On top of all that, Lynx—and I’ll be referring to the character as Lynx for now, as the game even replaces all of Serge’s unique abilities with new ones and rewrites his in-game biography—is trapped in Home World, where everybody hates Lynx for what he did years ago. The player has lost their party, lost the protagonist, and now lost the game world they’ve spent hours exploring. And despite what you may think, Home World is actually a lot less pleasant than Another World. The island is under military occupation, the bulk of the cast from Another World vanished and their home in ruins, and everyone generally rather bitter about the way things have gone.

We Have to Go Back!

And that is the genius of Chrono Cross’s structure. Deep into the game, so deep that many other games would have already reached their conclusion, and the player’s entire understanding is thrown out the window. Lynx is a stranger in his own dimension, and the player is as confused as he is as they have to learn the ins and outs of this new reality that is frequently quite different from the one they’ve come to know.

This isn’t a short stretch of the game, either. I’ve never measured it, but I’d estimate that the player spends more time as Lynx than as Serge. Certainly the most involved quest of the game, the hunt for the elemental dragons, takes place in this stretch of the game, as does the upsetting and bizarre Dead Sea dungeon.

chrono_cross_dead_sea

Welcome to the Dead Sea, where time has collapsed in on itself and formed a nightmarish maze of dead futures! Please beware of robot ducks.

It’s a monumental challenge that the game has given itself, to shred everything the player has come to understand about it and demand they start over a third of the way in. And for all the flaws the game has in other areas, it absolutely nails this aspect. It is incredibly disorienting to lose all the party members you might have had. It is incredibly alienating to visit the bustling, major hub of the game and find it oppressively gloomy and dour. It is disturbing to discover the fates of characters who were alive and well in Another World and…decidedly not in Home World (bring Zappa to the Dead Sea if you really want to cause some emotional pain).

And in the End, It Doesn’t Even Matter

Needless to say, Serge eventually gets his body back, and the player can tackle the final stretch of the game while pulling from a massive roster comprised of all the characters they’ve recruited throughout the game, either as Serge or as Lynx.

But the game is still not done blowing the player’s mind! The end of Chrono Cross is an absolute mess in a lot of ways, and requires you to not only understand Chrono Trigger to even begin to understand what’s going on, but to also accept a massive amount of text-only info dumps filling in critical backstory at the eleventh hour, but it’s basically just revelation after revelation. Serge is the Chrono Trigger! The save points are actually a tool of an evil supercomputer from the future intended to control the behavior of humans! Schala from Chrono Trigger is the bad guy, sorta! Lynx is Serge’s dad!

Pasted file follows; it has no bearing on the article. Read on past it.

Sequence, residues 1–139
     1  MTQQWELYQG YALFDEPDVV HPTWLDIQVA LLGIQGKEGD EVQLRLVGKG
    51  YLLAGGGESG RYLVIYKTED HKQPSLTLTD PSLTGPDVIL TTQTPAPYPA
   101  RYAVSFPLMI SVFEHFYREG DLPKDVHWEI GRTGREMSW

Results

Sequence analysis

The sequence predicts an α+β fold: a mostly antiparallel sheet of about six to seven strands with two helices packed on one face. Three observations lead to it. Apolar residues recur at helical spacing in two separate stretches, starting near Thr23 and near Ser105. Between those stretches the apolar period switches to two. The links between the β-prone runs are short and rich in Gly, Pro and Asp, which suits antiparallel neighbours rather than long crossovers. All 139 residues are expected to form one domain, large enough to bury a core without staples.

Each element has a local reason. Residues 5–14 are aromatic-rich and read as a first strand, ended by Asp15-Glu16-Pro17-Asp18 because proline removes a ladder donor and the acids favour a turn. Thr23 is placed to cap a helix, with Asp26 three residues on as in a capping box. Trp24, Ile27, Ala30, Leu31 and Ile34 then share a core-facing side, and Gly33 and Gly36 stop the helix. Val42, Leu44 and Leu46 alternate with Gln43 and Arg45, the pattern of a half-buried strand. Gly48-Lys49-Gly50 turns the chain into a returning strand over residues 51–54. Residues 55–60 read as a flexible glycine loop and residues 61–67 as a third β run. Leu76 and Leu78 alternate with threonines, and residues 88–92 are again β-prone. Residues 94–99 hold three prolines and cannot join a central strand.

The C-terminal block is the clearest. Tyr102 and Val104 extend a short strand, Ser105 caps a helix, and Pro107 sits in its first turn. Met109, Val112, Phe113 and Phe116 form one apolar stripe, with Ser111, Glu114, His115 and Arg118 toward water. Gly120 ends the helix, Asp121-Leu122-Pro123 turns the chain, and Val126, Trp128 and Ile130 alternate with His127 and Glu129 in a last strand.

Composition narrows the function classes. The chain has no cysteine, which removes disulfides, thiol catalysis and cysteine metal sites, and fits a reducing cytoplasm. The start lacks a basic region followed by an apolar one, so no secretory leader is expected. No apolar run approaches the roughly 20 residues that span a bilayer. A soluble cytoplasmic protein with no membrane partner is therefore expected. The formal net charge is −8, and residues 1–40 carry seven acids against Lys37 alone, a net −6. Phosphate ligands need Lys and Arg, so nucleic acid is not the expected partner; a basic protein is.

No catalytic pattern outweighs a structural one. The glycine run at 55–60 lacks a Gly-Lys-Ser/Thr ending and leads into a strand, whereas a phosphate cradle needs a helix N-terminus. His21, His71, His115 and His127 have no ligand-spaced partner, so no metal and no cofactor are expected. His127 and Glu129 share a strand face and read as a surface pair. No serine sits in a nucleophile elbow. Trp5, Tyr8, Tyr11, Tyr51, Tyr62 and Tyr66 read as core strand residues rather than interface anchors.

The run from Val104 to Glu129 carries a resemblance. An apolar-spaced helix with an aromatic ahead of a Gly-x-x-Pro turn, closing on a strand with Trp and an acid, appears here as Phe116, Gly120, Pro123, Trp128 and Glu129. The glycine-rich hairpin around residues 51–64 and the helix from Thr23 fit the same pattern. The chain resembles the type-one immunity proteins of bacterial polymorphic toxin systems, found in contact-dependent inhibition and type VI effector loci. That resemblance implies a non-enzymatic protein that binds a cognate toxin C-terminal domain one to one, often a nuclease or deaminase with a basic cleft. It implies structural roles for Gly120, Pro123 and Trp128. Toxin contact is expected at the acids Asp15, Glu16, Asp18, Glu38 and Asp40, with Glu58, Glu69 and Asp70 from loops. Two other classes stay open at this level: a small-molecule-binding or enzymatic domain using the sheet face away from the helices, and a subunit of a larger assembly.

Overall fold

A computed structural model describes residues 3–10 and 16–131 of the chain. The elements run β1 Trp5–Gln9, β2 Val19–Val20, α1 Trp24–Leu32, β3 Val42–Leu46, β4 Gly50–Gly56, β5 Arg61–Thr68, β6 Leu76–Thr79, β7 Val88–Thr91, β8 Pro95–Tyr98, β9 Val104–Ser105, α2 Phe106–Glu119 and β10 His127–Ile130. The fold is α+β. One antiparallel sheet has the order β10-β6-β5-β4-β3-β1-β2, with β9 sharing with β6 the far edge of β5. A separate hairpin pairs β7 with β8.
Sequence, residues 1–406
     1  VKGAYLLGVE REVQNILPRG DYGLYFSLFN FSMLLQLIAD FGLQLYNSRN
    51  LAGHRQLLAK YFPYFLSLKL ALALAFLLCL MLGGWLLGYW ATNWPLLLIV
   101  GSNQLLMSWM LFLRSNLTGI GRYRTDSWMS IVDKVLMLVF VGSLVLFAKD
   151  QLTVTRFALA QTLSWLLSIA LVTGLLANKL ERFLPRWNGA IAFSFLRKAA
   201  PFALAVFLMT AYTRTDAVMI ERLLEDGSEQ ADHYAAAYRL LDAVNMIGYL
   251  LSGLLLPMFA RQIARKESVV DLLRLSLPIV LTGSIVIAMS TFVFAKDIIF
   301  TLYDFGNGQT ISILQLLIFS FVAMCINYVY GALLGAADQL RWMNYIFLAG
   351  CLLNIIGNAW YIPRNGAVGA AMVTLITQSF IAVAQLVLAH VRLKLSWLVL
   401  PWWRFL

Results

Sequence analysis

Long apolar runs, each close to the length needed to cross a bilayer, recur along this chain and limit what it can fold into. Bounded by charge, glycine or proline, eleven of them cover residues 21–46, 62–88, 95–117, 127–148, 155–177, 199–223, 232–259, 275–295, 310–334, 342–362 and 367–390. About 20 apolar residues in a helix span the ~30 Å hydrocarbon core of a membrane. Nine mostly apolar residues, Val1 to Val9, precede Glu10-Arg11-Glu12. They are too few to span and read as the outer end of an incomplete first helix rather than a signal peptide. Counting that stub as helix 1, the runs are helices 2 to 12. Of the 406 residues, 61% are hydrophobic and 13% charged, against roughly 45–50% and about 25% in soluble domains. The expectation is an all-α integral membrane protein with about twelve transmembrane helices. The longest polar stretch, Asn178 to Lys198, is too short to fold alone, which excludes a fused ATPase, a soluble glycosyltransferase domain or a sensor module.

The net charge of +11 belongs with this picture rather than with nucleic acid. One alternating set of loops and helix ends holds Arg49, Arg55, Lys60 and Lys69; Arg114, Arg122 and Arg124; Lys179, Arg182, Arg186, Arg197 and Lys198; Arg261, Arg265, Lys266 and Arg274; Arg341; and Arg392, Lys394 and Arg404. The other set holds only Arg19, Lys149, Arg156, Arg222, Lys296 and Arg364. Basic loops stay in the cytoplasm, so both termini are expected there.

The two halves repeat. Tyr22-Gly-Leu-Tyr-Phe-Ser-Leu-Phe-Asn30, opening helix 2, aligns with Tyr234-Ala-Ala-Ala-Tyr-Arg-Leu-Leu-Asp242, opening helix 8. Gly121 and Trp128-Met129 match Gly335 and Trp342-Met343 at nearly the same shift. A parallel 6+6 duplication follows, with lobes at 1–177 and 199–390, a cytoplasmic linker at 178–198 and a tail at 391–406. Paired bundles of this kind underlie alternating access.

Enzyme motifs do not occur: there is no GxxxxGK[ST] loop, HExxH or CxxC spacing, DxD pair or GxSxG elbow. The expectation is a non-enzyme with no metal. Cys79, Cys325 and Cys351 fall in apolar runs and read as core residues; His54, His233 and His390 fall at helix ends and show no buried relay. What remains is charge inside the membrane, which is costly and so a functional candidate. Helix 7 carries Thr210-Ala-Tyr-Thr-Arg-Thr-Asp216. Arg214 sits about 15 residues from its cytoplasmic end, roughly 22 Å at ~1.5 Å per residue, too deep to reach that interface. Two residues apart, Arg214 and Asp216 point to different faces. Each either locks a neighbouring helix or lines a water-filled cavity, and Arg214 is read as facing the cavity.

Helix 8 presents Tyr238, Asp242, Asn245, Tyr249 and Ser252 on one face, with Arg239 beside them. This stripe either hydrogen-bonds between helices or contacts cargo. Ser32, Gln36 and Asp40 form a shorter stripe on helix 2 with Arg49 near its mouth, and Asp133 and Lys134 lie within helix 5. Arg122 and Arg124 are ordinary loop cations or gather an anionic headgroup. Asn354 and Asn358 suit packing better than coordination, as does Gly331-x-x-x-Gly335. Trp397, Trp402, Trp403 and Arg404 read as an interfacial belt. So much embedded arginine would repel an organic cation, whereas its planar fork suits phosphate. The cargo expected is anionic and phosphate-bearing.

It’s completely insane, and to top it all off the game’s ending—which is one of the most esoteric and non-intuitive true endings I’ve ever encountered—implies that the two dimensions, which had been forcibly created from a single timeline, are merged, and it’s unclear how much, if anything, will remain “true” in the new, merged timeline, or if any of the characters will remember what happened.

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Mr. Player. You could have saved Schala. I gave you all the clues.

What Does It All Mean?

Chrono Cross is a divisive game. I think it’s equally defensible to call it stupid and pretentious as it is to call it daring and ambitious. But I love it. I love just about everything about it, from its soundtrack to its art design to its often goofy writing. But most of all I love that it’s willing to throw the player into a position of real disempowerment. All the hard work, all the acquired knowledge, all of it thrown out. And it’s neither as annoying nor as frustrating as the all-too common trope of a game robbing the player of their equipment or a vital skill for a stretch. Indeed, getting back up to speed is very easy, once you get two new party members and can reallocate your equipment and abilities. But it’s the sensation of being cast out from what you know, that mirroring of the protagonist’s experience through the game structure, that elevates Chrono Cross from merely a very good, if flawed, JRPG to a masterpiece (albeit a flawed one) of the genre.

Angelus Errata

  • As I was writing this, I realized that there might be a way to read Serge’s quest to reclaim his true body from a trans perspective. Anyone have any thoughts on that?
  • I alluded to it, but Chrono Cross has a very odd approach to player involvement in the story. The plot is quite rigid, but the game gives the player a surprising amount of leeway. For instance, Kid is far and away the most important character in the game, but she is only required to join the party at one specific point and can be rejected (or simply avoided) at every point prior to or after that moment. This doesn’t do the story a lot of favors, but it’s a brave decision to give the player that amount of power.
  • If you were wondering, no, the game doesn’t do anything with the fact that save points are in-universe objects that actually have a specific role in the story. A missed opportunity.
  • If you want to know more about Chrono Cross, I recommend this entry from the Let’s Play archives: https://lparchive.org/Chrono-Cross/. He’s not as much of a fan of the game as I am, and tears it apart at points for how it applies logic and conveys information, but it’s a thorough examination of the game.